Severe adder disturbance in northern counties

After a visit to one of the few adder sites left in my local area on Saturday I made the following post on my Facebook page which I thought I would share here too.

I have since been informed that several of the three to four different photography groups have shared the location of these particular adders on their Facebook pages and websites. This is the single biggest contributor to the huge increase in adder disturbance.


8 Comments on “Severe adder disturbance in northern counties

  1. Good post, Matt, and you are absolutely right. As a photographer myself I have always worked on the principle that the animal is more important than the picture. These selfish people are obviously not “naturalists”.

    Liked by 1 person

    • Thanks Chris. In recent years I have seen a big increase in wildlife photographers who seemingly do not consider the well-being of their subjects at all. Really quite worrying but there is little that can be done other than offer some wise words. But that only works if the individuals concerned have a conscience!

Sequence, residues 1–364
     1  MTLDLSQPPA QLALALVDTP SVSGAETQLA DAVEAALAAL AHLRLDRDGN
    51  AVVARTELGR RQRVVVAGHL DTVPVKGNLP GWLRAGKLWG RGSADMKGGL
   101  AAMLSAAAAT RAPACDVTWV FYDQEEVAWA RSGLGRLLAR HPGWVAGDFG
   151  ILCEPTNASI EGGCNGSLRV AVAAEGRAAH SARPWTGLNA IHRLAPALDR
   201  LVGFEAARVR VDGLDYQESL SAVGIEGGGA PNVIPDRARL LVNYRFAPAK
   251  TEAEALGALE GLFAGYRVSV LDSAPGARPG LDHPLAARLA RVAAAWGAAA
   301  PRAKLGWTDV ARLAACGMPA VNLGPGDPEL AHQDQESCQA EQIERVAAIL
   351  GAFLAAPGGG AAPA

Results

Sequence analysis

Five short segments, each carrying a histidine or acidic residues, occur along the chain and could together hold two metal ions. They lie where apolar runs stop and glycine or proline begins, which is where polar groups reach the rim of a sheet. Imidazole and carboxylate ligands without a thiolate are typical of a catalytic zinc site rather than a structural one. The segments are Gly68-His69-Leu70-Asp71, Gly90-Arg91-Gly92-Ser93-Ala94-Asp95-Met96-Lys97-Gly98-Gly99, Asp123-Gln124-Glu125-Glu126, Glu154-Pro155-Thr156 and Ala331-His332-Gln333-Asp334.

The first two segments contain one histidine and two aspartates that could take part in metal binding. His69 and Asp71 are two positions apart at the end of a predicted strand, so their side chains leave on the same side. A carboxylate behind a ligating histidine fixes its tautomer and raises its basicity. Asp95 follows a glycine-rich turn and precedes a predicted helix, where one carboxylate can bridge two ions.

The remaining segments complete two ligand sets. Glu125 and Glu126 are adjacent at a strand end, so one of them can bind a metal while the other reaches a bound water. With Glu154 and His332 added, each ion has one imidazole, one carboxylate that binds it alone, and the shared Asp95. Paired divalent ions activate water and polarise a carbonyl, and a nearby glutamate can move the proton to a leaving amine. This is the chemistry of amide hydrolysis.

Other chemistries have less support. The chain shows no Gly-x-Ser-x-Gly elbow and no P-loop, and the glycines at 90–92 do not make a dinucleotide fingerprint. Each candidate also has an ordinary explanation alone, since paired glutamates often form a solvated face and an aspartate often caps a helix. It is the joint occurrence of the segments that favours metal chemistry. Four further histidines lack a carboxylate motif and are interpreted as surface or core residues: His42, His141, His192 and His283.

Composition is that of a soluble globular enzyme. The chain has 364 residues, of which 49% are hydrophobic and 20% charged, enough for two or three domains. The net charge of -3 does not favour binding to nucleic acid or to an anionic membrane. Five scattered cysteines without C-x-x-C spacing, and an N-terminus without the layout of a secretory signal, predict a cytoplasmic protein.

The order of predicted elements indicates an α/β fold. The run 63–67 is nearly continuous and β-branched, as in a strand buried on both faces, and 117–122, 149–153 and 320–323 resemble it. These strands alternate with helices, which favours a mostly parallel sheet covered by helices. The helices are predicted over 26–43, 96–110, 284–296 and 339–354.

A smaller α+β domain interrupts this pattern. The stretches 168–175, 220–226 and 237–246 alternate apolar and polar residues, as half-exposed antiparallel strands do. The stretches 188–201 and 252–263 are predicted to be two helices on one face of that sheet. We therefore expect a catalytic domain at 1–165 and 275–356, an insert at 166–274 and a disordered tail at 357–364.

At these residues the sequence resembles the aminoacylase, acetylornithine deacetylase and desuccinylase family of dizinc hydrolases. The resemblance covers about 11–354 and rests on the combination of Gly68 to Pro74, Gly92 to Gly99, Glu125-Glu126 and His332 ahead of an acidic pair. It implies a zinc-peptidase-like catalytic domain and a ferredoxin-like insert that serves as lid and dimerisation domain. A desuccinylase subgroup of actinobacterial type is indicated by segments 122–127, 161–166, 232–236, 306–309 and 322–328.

2. I agree Matt. Photographers are not happy unless they are moving or chasing something. We even have them asking what they have just taken a photo of.

    Liked by 1 person

  3. This sounds very grim. I’d consider use of litter pickers to be illegal and the harassment to be border-line disturbance. Do you think there is any scope for the local ARG group/other volunteers to ‘warden’ the site and provide information about adders and ensuring there is no disturbance? Also, if the photography clubs are known then they could be appealed to. Which local authority is the site in?

    Liked by 1 person

    • Hi Hugh, with the site I’m referring to here it appears that groups like the RSPB are telling people exactly where to find the adders at meetings etc. Then, the site is spread through social media as people are too careless in giving details. I doubt the same would be happening if it was a hen harrier nest..


  4. Well said Matt. It reminds me of “Twitching” which because of todays efficient communications, can cause a rarity to be mobbed by people, as I saw at Spurn once, when a bush with a Radde’s Warbler in it was completely ringed by humans, shoulder to shoulder.

    Liked by 1 person

    • Well Steve, the majority of these people seem to be keen birders who are used to twitching and the activities associated with it. However, adders, unlike birds can’t fly away when one of the photographers get too close or picks it up and puts it in a cool box to make photography easier.


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